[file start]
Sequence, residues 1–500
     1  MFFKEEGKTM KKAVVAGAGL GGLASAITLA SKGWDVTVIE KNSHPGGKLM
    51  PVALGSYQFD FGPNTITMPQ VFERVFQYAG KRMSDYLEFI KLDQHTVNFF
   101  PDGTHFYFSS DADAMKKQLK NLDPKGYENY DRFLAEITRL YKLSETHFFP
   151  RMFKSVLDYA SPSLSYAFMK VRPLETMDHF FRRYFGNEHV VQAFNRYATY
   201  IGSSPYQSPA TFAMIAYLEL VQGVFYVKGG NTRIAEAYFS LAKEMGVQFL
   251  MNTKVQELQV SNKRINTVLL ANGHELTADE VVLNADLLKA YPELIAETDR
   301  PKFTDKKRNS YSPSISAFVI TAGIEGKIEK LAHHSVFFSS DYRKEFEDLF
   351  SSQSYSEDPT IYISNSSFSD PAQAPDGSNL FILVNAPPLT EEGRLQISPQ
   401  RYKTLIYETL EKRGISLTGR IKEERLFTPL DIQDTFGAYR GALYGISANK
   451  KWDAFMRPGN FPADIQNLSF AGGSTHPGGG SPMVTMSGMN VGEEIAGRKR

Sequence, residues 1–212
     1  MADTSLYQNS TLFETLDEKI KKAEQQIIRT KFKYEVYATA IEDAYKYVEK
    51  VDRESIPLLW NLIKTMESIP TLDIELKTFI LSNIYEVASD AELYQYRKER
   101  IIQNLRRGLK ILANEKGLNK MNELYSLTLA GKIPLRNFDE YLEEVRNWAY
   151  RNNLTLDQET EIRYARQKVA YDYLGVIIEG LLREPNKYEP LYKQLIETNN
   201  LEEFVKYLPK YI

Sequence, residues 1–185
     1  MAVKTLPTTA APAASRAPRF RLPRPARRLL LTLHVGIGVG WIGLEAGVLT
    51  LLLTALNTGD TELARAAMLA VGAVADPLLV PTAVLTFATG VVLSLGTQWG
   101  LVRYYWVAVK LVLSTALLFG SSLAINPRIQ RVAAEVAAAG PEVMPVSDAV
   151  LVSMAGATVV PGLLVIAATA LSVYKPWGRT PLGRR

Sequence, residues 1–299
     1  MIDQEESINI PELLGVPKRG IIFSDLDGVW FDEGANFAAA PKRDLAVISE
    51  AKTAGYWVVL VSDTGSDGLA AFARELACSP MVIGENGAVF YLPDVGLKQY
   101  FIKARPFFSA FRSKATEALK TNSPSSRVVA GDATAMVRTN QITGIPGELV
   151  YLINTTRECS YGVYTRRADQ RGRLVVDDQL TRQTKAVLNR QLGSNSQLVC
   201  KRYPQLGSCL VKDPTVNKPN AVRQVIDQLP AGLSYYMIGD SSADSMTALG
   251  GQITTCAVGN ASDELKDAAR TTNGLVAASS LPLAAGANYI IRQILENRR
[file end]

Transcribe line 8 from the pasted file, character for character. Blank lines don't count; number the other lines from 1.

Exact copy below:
   301  PKFTDKKRNS YSPSISAFVI TAGIEGKIEK LAHHSVFFSS DYRKEFEDLF